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I was fortunate enough to have bought a reasonable spread of Bordeaux en primeur in 2005. At the time of purchase in 2006 there was a lot of hype surrounding the vintage. At that stage it was being compared to legendary vintages, like 1961. In many ways, it had been the first vintage since 2000 to really shout about in Bordeaux. The 2003 had its admirers of course, Parker amongst them, and that heatwave year made some thrilling wines – but it was also very inconsistent. I didn’t get the chance to taste the 2005s during primeurs, but those that did told me that, whilst it was evidently very promising, it was also somewhat tricky to judge with all the fruit, tannin, oak and acidity. Over the intervening years, I wonder if the vintage has lost some of its lustre, certainly relative to 2009 & 2010? There is an interesting piece from Jancis Robinson here worth a read from a few years back. So now that the vintage is sweet sixteen, just how are some of the wines faring?
Final blog post for the moment on the reds of Bordeaux in 2020. I’ve grouped together notes taken on wines from the Médoc and Haut-Médoc in this post, as well as some specific communes like Margaux, Moulis, Listrac, St Julien, Pauillac and St Estèphe. All of these are based on samples sent by the Grand Cercle. I’ve yet to taste members of the Union des Grand Crus and there are a number of properties that I usually get to taste which I didn’t manage to organise this year. I hope to update these omissions soon. From what I have tasted the reds are fresh in the Médoc in 2020, although there is not the richness of 2019 or 2018 for me. In some there is a certain austerity and angularity. Wines tasted from the Haut-Médoc have good depth and colour, with freshness and zap, but again some can feel a little angular. A handful of wines tasted from St Estèphe look promising, with good colours and nice textures, and there were some nicely perfumed, fresh wines from Margaux. The few bottles I tasted from St Julien and Pauillac showed finesse, but were not quite up with the quality and concentration of the previous two vintages. Overall my tastings in these communes were not as comprehensive as those on the right bank this year. If you want detailed reports on the left bank wines I’d defer to others whose writing on Bordeaux I admire [Jane Anson, James Lawther, Chris Kissack, Neal Martin & Jeb Dunnuck all cover Bordeaux extremely well]. Nevertheless, I hope you find the notes on the following 24 wines useful.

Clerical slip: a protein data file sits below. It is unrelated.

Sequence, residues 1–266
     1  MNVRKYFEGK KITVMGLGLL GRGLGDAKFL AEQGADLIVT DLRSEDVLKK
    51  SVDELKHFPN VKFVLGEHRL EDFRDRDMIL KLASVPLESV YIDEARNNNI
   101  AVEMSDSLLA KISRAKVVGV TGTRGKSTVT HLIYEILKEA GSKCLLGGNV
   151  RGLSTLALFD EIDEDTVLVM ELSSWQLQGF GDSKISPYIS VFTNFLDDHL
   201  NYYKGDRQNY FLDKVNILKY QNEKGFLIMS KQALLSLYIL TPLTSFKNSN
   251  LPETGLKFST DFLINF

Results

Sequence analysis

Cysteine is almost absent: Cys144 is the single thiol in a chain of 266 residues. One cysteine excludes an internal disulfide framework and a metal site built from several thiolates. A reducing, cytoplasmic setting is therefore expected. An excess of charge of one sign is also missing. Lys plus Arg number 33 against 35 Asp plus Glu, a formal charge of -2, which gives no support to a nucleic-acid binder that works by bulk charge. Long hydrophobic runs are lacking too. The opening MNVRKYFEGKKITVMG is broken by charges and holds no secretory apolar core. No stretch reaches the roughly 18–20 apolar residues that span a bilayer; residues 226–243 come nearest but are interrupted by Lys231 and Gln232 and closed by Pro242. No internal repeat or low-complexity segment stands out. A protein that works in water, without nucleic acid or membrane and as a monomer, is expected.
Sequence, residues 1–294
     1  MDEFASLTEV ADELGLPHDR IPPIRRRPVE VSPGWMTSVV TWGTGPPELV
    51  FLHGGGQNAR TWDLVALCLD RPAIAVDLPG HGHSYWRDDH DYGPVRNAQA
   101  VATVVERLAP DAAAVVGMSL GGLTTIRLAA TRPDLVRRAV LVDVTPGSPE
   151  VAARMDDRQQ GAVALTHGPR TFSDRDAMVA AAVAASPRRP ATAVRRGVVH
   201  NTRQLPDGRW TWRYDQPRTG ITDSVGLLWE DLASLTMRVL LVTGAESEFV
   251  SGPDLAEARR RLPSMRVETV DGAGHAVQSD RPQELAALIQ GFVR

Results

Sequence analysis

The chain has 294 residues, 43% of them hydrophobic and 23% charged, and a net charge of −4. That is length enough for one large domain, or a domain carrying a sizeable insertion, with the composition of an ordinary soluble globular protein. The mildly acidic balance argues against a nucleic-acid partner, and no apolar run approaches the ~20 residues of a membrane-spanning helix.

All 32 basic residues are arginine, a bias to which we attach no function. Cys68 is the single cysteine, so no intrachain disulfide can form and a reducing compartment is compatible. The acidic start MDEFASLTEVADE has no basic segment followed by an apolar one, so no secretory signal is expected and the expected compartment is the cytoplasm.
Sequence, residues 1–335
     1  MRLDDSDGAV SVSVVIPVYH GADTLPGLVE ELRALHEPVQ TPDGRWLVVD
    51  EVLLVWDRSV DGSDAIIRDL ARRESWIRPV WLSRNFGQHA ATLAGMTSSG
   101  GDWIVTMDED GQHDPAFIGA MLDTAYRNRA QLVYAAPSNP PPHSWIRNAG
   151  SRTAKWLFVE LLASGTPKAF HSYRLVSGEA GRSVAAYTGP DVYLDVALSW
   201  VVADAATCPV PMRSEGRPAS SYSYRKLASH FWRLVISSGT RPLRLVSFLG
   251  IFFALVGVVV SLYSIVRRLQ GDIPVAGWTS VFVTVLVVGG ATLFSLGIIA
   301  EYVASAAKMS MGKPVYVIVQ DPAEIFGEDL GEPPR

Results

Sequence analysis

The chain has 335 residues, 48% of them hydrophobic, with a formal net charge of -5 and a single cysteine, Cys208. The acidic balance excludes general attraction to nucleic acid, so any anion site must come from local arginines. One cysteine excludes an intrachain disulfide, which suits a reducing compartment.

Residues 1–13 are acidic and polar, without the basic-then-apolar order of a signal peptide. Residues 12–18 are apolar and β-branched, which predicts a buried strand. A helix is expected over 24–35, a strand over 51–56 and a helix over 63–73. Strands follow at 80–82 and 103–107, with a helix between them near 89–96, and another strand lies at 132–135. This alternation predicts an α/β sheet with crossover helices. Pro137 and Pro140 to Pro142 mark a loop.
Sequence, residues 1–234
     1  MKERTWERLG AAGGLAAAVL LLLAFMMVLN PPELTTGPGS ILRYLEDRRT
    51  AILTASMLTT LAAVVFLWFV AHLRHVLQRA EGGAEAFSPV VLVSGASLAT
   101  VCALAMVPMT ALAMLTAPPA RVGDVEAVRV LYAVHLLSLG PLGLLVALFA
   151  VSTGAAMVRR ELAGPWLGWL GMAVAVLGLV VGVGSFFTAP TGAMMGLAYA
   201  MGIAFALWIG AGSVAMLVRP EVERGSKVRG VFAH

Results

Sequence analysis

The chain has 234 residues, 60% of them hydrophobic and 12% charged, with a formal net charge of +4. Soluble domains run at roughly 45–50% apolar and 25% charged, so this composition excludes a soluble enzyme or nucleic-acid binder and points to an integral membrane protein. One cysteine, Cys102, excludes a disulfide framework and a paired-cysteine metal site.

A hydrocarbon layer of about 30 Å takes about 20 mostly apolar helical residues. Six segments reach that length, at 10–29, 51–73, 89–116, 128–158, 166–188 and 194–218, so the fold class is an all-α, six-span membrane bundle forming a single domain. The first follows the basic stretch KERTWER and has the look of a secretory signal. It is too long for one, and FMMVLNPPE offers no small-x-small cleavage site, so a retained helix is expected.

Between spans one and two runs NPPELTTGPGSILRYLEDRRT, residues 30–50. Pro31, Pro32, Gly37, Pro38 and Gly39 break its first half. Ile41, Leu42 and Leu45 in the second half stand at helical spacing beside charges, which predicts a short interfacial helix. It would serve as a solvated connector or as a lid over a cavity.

Attractive, mid-weight wines have been produced in Graves and Pessac-Léognan in 2020. Of the samples tasted, the aromatics were fresh and pretty amongst the reds, and the vintage has produced wines of medium body with ripe tannins. Overall, while there is a little more variation than in 2019, the impression is of good, well-balanced wines that should drink nicely in the near and medium term. The whites were not hugely aromatic for me but nevertheless the best had life, zest and texture and were appetizing. These tastings notes are based on samples sent by the Grand Cercle in the main, with a few additions. I hope to catch up with other properties and members of the Union des Grands Crus de Bordeaux at forthcoming events.
There are many properties to search out in the St Emilion satellite appellations. For the last few years I’ve been impressed with the wines of Château Barbe Blanche, Château La Rose Perrière and Château de Lussac in Lussac St Emilion. There is real polish and style exhibited here by these properties. Over in Montagne St Emilion Coralie de Boüard is blazing a trail with Château Clos de Boüard but this year I have also been impressed with Château Faizeau, Château Messile-Aubert and Vieux Château Palon presented by the Grand Cercle. Overall in 2020 all these wines show strong colours and exhibit lots of extract but the winemaking is sophisticated and the tannins soft and pure.